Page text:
Students are able to apply to new Marion Taylor Endowment Fund to support a variety of research and academic projects integrating mind, body and spirit
During his almost four decades at Hampshire, Marion Taylor taught martial arts in a way that embraced the College’s interdisciplinary academic philosophy. His impact here is now celebrated through the Marion Taylor Endowment Fund.
The fund was established by Robert Lemelson ‘79F and other former students. Taylor passed away in November 2014, and the endowment was officially made available to students on the first anniversary of his death. Its purpose is to support work that embraces Taylor’s ways of integrating mind, body, and spirit, and enabling the instruction and integration of the practice of different forms of the martial arts within an interdisciplinary context.
“Marion was the epitome of the Hampshire approach—deeply committed to both his art and his students, broadly ranging in his practice, and a profound instructor,” says Lemelson. “As a person, Marion was highly demanding and strict but at the same time mischievous and fun. I’m sure he’ll be greatly missed by the thousands of students whose lives he touched.”
Outdoor Programs, Recreation, and Athletics Director Brad King says students are able to apply for funding to support a variety of research and academic projects, such as Division II and III work, using it to cover the cost of symposia, demonstrations, and conference attendance; to bring scholars and visiting martial arts practitioners to campus; and to develop film or lecture series. Students can apply here.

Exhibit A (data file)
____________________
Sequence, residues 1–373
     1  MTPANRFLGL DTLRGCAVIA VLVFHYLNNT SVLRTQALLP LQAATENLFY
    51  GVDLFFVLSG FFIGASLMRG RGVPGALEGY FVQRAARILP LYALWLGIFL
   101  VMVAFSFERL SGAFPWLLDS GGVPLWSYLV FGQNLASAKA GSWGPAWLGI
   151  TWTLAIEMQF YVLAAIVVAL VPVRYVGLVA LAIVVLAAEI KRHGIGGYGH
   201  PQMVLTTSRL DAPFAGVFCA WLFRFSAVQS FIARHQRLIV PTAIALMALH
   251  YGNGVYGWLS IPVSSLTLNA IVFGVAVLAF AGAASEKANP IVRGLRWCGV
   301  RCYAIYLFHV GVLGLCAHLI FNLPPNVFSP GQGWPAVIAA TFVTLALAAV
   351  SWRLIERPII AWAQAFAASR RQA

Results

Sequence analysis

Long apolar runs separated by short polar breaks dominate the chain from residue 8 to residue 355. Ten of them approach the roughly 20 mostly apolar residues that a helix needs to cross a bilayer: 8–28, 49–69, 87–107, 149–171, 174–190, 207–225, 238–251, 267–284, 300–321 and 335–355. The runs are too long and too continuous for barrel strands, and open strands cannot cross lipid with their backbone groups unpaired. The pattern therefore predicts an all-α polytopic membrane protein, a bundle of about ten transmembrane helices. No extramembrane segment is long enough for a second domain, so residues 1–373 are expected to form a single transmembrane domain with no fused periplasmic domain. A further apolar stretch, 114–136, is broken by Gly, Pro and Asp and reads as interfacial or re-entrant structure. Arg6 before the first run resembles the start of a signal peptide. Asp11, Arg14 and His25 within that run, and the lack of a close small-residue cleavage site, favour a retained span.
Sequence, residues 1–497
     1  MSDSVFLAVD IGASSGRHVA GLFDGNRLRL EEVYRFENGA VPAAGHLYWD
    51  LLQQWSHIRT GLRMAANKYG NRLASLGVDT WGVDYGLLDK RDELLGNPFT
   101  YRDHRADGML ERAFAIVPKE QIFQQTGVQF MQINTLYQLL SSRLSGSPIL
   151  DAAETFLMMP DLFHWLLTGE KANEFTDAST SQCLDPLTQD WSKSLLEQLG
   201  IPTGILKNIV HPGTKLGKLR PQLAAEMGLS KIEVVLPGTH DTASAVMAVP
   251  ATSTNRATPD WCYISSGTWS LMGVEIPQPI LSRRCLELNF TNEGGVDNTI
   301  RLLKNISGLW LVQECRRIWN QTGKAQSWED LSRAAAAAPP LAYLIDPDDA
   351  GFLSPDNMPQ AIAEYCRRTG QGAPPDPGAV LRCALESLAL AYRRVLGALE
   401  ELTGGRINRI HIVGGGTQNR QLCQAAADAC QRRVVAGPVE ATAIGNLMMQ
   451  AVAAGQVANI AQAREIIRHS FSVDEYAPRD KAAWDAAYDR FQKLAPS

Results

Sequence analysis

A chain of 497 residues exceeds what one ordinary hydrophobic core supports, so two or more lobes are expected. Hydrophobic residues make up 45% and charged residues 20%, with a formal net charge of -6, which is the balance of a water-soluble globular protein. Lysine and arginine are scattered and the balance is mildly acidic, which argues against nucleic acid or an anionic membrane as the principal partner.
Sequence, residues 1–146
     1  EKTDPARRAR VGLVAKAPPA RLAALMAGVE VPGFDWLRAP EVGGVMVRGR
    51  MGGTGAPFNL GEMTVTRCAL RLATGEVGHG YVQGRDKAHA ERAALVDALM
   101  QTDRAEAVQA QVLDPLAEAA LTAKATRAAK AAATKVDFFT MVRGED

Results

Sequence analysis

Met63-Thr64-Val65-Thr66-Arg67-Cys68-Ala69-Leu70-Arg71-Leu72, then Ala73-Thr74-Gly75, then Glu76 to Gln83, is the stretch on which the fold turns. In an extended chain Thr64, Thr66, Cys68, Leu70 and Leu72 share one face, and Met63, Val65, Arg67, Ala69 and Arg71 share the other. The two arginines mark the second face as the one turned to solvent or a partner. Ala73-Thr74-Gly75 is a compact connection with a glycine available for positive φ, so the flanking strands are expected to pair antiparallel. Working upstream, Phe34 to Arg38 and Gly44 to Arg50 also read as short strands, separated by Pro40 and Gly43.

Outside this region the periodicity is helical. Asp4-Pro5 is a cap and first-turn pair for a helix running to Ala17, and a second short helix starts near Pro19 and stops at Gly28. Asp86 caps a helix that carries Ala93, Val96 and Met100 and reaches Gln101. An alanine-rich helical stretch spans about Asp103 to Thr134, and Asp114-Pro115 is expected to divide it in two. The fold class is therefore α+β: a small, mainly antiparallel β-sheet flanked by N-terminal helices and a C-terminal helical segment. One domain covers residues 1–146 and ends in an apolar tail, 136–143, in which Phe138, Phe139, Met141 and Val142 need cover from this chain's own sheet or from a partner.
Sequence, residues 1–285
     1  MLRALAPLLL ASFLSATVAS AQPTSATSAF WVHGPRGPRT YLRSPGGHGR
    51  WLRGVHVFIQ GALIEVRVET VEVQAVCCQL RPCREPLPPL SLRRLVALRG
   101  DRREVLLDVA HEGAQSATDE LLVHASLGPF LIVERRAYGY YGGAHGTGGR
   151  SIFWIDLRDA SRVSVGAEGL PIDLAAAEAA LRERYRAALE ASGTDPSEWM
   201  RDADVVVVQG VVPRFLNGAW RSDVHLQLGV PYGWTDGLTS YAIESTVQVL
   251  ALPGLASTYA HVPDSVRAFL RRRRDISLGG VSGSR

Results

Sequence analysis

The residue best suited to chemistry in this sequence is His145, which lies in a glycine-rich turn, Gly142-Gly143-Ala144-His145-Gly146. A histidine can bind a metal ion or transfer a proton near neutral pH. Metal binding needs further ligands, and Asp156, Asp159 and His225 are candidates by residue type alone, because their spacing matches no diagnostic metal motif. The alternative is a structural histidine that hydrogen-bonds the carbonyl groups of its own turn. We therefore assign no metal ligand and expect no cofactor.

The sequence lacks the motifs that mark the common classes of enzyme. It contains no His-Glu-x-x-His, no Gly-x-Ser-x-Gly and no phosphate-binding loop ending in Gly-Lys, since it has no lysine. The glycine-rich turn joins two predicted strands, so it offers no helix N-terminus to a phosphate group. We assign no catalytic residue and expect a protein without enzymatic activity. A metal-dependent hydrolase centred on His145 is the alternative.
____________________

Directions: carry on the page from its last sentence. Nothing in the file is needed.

“The fund really helps Hampshire continue Marion’s approach to integrating the martial arts and academics,” says King.
Samuel Kanner ’03F succeeded Taylor in teaching Hampshire’s martial arts courses. A beginner Shotokan course that he participated in with the man who would become his mentor introduced him to the practice, and the two quickly developed a close friendship. Shotokan and other martial arts became central in Kanner’s life (in 2013 he was named the Shotokan Member of the Year, and they also directly influenced his illustration work and other studies at Hampshire).
“Everything I teach and talk about with students was inspired by and taught to me by Marion and his peers,” says Kanner. “I hope this fund represents a chance for students to have opportunities similar to the ones Marion presented to me.”
That’s a feeling echoed by many others who were mentored by Taylor.
“Marion was extremely influential to hundreds of people,” says former student Nate Zinsser ’74F. Zinsser was among a group of students who, years after graduating, would join Taylor for an annual three-day summer training session. “He was the glue that held so many of us together. I really cut my teeth as a karate student with Marion. I’m now passing on what he gave to me.”
To learn more about the Marion Taylor Endowment Fund, visit https://www.hampshire.edu/giving/marion-taylor-martial-arts-endowment. For additional information or to support the fund, please contact Clay Ballantine, in Hampshire’s Advancement Office, at email@example.com or 413.559.5647.